Caleta de Fuste, Fuerteventura (ES)
The Canary Islands are known for the year-round sunshine, it's beaches & sand dunes, the volcanos and its mild temperatures. The islands are a hotspot for...Read more..
The Canary Islands are known for the year-round sunshine, it's beaches & sand dunes, the volcanos and its mild temperatures. The islands are a hotspot for windsurfing, surfing and scuba diving to observe its great marine life. In the interior you'll find amazing landscapes which are ideal for hiking, cycle touring, rock climbing and even caving. We just love Canary Islands fishing!
There are eight major islands in the archipelago of the Canary Islands, each with a breath-taking countryside and great fishing possibilities: La Gomera, La Palma, El Hierro, Tenerife, Gran Canaria, Fuerteventura, Lanzarote and La Graciosa.
Puerto de Los Cristianos, Tenerife (ES)
No catch for me on this trip.
Die Tour war zwar nicht sonderlich erfolgreich, aber das ist eben so beim Angeln. Kapitän und die Crew haben sich bemüht die in der Gegend eigentlich fängigen Plätze abzufahren. Da ich das Fischradar auch im Auge hatte bleibt nur zu sagen leider heute kein bzw. wenig Fisch vorhanden. Dafür kann aber die Crew nichts! Durch die dadurch gegebene Zeit zum Reden habe ich gerade für das Angeln auf den Kanaren (obwohl ich schon mehrfach dort sowohl vom Ufer als auch vom Boot geangelt haben) noch einiges gelernt. Das Angeln war gemischt aus Trolling und Jigging. Ich habe hier den Stern nur auf Grund des geringen Fangs abgezogen.
Great captain, great boat!
David Banham Banham
Whether you go trolling, big game fishing, bottom fishing, spinning or vertical jigging, Canary Islands fishing is about catching strong and big fish. Here are our 5 favourite species you can catch during your next fishing trip.
The Blue Marlin is the Canary Islands fishing favourite species to both novice and experienced angler. This powerful fish can provide quite some excitement and action during your next fishing trip. Make sure you have the right fishing tackle (such as Shimano Tiagra 80lb or even 120lb). The best time to fish them is from late may to November. They can grow up to 1000lb!
White marlin feeds on all kinds of fish, cephalopods and crustaceans. You’re most likely to catch them trolling artificial lures or natural dead bait. White marlin fishing in Canary Islands is best between June and November.
From November to January, the big amberjacks (30-50 kg) or medregales as they are called in the Canaries, go back up to the top of the trophy food pyramid. During these months, you can fish with live bait in optimum conditions: calmer sea and with temperatures between 23 and 25°C. For live-bait fishing, you should use a technique pattern that you have mastered to get the best results.
In the Canary Islands, you are most likely to fish big eye tuna by trolling with artificial lures and sometimes with natural bait. Big eye tuna and other bluefin tuna such as Albacore can be fished especially during the months of February, March and April.
This dweller prefers subtropical Atlantic Ocean waters at low and medium depths. To catch this nice fish, it is recommended to use whole or piece of a prawn, cuttlefish or octopus on the fishhook. Other species you can catch while bottom fishing in Canary Islands are Moray eels, snapper, jack, red scorpion fish, barracuda, bonito, ray... just to name a few.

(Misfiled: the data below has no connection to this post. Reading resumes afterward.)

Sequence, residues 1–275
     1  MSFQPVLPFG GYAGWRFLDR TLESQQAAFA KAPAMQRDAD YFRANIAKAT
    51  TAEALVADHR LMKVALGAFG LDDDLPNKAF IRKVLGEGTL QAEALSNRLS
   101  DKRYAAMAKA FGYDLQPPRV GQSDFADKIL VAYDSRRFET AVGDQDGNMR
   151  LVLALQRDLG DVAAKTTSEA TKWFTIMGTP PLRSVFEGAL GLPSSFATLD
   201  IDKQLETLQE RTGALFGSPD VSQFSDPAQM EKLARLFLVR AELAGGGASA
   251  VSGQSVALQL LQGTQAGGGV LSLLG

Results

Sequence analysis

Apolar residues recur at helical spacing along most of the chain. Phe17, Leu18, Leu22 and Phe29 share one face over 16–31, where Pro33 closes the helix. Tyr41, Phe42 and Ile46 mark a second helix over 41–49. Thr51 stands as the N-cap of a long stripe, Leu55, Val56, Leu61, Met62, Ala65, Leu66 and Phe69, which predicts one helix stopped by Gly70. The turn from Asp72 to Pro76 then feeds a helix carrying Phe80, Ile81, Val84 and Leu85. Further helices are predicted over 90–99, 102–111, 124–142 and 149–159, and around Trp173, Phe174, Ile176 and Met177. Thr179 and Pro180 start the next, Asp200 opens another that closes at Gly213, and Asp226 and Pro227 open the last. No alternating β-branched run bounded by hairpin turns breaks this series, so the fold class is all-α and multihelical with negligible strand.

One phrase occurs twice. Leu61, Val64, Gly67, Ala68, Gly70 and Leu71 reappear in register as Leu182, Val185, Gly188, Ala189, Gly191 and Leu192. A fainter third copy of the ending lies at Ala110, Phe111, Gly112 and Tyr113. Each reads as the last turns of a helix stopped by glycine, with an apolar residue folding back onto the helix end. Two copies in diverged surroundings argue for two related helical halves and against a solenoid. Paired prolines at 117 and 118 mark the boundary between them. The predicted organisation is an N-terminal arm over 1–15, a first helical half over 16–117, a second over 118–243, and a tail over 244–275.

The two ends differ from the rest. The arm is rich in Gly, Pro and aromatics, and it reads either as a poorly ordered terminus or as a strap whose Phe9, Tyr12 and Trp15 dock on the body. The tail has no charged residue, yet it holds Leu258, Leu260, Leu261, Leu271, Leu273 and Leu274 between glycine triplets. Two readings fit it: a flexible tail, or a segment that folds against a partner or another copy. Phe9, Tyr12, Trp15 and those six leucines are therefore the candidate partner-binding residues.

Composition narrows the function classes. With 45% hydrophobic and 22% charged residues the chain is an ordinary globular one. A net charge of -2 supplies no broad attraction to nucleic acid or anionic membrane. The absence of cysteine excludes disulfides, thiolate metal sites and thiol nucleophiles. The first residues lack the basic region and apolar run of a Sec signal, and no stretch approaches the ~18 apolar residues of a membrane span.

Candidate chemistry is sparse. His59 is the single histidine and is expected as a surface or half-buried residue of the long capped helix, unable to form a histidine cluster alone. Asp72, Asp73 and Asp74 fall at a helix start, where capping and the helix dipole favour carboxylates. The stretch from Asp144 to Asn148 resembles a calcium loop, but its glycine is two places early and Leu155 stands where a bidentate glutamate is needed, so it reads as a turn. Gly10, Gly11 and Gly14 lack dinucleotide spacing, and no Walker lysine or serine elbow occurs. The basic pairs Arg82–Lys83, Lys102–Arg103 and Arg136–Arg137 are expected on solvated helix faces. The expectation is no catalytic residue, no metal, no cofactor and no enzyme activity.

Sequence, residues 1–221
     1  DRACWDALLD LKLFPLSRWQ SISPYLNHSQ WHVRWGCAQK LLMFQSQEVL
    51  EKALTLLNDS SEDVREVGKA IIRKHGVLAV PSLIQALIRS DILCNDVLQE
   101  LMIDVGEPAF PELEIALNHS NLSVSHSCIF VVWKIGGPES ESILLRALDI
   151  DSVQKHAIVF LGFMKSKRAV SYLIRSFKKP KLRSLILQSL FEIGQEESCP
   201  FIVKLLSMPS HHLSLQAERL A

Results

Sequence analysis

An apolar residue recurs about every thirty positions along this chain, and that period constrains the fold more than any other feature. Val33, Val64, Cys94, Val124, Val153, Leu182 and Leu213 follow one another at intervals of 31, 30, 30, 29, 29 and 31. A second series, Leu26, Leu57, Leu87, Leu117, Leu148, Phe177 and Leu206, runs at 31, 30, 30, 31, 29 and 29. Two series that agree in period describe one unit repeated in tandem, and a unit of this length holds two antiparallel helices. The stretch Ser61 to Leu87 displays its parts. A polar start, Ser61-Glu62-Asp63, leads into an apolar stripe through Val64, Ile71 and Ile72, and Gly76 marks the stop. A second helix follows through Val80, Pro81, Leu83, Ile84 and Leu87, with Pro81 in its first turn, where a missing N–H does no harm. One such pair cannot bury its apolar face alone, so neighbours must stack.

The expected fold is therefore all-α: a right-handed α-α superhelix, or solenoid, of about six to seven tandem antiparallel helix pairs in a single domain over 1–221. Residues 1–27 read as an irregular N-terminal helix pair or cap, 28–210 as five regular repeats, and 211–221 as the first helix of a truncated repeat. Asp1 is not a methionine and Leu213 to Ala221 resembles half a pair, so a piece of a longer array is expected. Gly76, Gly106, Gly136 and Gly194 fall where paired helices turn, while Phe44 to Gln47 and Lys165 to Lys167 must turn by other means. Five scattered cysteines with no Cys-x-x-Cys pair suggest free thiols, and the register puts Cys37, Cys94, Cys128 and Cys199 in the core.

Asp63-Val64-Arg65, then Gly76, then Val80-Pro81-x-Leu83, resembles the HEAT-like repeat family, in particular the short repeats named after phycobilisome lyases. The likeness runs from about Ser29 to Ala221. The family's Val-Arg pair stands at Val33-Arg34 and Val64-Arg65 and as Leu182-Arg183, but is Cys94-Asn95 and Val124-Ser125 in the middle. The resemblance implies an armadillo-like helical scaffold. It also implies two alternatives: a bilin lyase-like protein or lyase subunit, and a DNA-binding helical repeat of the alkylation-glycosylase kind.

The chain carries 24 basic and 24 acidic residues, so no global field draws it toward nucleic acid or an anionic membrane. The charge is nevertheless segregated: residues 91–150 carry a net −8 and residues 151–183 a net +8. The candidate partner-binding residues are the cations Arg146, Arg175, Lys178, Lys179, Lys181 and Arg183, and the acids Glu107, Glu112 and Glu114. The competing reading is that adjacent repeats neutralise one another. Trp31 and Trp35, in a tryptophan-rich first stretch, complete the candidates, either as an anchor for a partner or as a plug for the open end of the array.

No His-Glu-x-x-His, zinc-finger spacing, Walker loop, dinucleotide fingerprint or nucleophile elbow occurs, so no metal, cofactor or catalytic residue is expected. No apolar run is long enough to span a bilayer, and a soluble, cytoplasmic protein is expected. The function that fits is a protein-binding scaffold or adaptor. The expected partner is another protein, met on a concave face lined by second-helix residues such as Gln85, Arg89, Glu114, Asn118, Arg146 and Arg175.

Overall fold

The Blue Marlin (Makaira nigricans) is probably the most wanted fish in the sport fishing world. The magnificent fighter usually feeds during day time on fish, octopuses and squids. Blue Marlin is mainly caught trolling with artificial lures or with dead bait (bonito, mackerel...).
Mahi Mahi (Coryphaena hippurus) are also commonly referred to as dorado, dolphin or dolphinfish. They are recognizable by their bluntly shaped heads, long dorsal fin and their bright colouring, dark blue and green on their dorsal side and yellow on their sides and underside.
Yellowfin tuna grow fast, up to 400 pounds (180kg) in about a 7-year lifespan, and they range in length from 59 inches to 88 inches long. They’re known for their torpedo shape, with a pointed nose and a sickle-shaped tail, and have dark blue backs with yellow sides (thus their name) with a silver underside.
Wahoo (Acanthocybium solandri), also known as Ono (meaning “delicious” in Hawaiian), are found in many subtropical and tropical waters. They’re identifiable by their blue-green upper body which shifts into silver towards their belly. They also have blue vertical striping along their sides. These predators are torpedo-shaped and have long and largemouths with teeth.
The White Marlin (Kajikia albida) is a very nice predator which can be caught off shore in warmer waters. This powerful fighter usually feeds during day time on fish, octopuses and squids. They can be caught trolling with artificial lures or with dead bait (bonito, mackerel...).
There’s more than fishing in the Canaries; you can also go cycling, kite surfing, windsurfing, mountain biking, wine tasting, whale watching, snorkeling & diving, sailing, horse riding, hiking and much, much more.
Don't miss the volcano Teide in Tenerife, Spain's highest point and the highest point above sea level in the islands of the Atlantic. The Mount Teide, the third largest volcano in the world, is surrounded by an unearthly landscape of solid lava.
Enjoy the local food in the hundreds of bars & restaurants of the area: Mojo Picón, Papas arrugadas, Almogrote, Sancocho canario etc.
The Canary Islands host several famous festivals such as the Carnival of Santa Cruz de Tenerife, the Branch Festival - also known as La Rama, Corpus Christi or the Canary Islands International Jazz Festival.
You need a fishing license to go fishing in Canary Islands. The fishing charters in the Canaries normally have the fishing license included in the price, so you don't need to buy one if you're chartering a boat.